Tags: Veterans | homeless veterans | efforts

6 Efforts to End Veteran Homelessness You Didn't Know

By    |   Wednesday, 17 Jun 2015 06:05 PM

Successful programs and collaborative efforts among government and private sectors have helped to reduce veteran homelessness. Although homeless veterans remain, attention to the problem has led to improvements.

Here are six efforts that have helped decrease veteran homelessness.

1. Government Goals
The Obama administration set a goal in 2009 of ending veteran homelessness by the end of 2015. Data revealed a sharp decline in the number of homeless veterans between 2010 and January 2014. The number of homeless veterans in America was at 49,933, a 33-percent decline, or 24,837 fewer homeless vets, according to a report from the U.S. Department of Housing and Urban Development, the Department of Veterans Affairs, and the U.S. Interagency Council on Homelessness.

2. Government Funding
The Obama administration, Congress and the Veterans Administration have worked to increase funding to prevent veteran homelessness with substantial increases in 2013 and 2014, according to the National Alliance to End Homelessness.

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3. Community Programs
Since government programs for homeless veterans are limited, the VA has emphasized collaboration with community-based programs since 1987 to help return vets to a normal lifestyle. Community-based, non-profit groups work best to transition vets out of homelessness and protect veterans at risk for homelessness, according to the National Coalition for Homeless Veterans.

4. Opening Doors
The U.S. Interagency Council on Homelessness launched its Opening Doors program to target resources for veterans’ needs and invest in new resources to help vets with housing. The program helps connect federal, state and community partners in achieving housing needs for vets. Opening Doors also tries to increase opportunities for sustainable employment and improve crisis response systems for veterans.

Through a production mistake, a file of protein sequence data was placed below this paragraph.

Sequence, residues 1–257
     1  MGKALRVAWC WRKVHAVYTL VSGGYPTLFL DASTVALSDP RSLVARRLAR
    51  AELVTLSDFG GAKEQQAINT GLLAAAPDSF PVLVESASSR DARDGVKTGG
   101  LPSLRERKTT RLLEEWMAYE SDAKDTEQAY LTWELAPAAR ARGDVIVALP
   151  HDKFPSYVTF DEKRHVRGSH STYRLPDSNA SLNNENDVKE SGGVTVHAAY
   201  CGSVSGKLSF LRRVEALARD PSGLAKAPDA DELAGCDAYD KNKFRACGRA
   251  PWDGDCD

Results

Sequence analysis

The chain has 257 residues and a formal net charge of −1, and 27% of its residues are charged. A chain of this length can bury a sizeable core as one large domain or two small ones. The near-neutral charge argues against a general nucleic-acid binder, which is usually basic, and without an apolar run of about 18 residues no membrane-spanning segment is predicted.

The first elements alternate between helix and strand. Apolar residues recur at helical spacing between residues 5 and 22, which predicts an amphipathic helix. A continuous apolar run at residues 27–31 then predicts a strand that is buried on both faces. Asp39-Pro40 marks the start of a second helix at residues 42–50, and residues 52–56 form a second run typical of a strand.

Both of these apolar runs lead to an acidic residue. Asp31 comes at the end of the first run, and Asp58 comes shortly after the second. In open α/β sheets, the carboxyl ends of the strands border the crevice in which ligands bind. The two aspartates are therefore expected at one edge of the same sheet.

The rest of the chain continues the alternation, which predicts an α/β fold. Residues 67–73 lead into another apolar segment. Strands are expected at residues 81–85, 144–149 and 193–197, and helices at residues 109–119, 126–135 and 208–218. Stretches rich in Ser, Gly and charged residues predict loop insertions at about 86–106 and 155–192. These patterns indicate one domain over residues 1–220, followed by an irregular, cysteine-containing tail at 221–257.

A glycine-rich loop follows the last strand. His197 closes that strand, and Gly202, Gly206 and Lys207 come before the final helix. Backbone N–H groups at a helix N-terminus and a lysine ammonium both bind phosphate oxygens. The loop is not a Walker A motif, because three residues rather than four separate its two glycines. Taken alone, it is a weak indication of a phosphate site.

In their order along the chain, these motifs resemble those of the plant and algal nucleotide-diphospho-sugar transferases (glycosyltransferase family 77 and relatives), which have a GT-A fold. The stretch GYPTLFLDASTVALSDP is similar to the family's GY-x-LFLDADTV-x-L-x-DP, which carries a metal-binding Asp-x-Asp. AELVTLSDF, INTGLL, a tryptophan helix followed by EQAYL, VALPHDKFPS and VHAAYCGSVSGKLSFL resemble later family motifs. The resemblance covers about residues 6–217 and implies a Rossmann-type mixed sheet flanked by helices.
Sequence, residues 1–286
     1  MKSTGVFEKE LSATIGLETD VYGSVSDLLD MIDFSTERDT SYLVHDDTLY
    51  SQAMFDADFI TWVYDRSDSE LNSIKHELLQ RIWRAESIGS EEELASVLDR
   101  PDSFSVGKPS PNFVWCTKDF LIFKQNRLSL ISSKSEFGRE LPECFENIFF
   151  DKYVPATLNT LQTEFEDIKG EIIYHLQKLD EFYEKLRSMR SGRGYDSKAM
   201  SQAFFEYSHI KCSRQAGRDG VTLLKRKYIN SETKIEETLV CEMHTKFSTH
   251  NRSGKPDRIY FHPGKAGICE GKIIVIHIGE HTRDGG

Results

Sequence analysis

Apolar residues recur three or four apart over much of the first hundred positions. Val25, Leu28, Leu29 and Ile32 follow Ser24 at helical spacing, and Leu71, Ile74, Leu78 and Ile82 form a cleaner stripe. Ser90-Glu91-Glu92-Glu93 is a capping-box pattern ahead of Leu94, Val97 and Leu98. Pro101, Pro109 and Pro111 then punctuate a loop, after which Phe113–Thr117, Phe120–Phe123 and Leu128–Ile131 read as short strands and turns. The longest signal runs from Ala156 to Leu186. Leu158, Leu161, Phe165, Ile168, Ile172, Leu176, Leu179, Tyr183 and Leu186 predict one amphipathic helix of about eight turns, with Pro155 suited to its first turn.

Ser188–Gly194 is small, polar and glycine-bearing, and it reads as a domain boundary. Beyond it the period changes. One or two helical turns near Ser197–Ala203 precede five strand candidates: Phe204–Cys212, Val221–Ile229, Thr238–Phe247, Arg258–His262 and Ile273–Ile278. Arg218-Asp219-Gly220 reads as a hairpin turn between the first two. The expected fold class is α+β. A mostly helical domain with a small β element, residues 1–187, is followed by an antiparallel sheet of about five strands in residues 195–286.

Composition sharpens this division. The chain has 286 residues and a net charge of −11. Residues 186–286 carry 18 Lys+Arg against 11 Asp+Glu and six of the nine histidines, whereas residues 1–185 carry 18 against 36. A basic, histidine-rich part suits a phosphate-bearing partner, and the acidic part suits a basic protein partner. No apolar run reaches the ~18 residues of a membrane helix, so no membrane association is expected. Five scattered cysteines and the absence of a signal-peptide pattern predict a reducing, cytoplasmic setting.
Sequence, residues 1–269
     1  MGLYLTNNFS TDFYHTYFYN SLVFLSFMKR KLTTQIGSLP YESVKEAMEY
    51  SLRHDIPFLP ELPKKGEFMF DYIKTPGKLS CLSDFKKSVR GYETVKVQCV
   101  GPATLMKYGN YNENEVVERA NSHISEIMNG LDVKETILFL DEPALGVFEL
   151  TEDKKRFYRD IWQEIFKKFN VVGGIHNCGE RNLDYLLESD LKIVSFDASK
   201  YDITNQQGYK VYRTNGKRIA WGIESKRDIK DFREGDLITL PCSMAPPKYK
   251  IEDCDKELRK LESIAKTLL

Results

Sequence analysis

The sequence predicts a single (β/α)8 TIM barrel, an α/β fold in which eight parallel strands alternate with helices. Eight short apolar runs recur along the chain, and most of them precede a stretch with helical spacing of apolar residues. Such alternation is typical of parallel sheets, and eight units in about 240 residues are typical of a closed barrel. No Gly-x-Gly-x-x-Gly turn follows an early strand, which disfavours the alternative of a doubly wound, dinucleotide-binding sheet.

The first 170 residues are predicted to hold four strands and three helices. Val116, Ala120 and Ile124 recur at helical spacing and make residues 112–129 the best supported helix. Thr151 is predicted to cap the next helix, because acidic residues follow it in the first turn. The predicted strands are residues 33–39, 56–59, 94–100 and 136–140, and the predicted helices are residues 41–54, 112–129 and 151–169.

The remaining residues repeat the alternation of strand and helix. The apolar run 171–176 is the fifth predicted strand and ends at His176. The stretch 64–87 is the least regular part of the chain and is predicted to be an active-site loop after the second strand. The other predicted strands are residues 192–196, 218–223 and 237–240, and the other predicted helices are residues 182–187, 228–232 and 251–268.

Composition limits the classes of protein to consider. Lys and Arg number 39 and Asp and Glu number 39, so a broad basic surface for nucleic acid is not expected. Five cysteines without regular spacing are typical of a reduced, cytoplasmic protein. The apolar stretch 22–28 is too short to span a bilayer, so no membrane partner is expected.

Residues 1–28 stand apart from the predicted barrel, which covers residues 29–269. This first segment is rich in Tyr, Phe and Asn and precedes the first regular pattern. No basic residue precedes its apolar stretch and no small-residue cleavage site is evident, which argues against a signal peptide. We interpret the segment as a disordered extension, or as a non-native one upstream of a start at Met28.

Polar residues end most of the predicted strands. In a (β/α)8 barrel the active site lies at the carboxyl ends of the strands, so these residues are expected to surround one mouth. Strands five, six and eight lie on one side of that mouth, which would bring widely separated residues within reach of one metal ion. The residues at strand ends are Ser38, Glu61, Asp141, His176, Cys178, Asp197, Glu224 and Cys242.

5. Help End Chronic Homelessness
Under the Opening Doors program, the federal Collaborative Initiative to Help End Chronic Homelessness helped place homeless vets into permanent housing. In 95 percent of the cases, vets were living in independent housing after a year, according to the U.S. Interagency Council on Homelessness.

6. Veterans Inc.
Organizations such as Veterans Inc. have been formed to help end homelessness among vets. Veterans Inc., headquartered in Massachusetts, helped more than 50,000 veterans and their families since 1991. It has an 85 percent success rate in transitioning vets out of homelessness, according to its website. Organizations like these also help to provide food and clothing to vets and their families in need.

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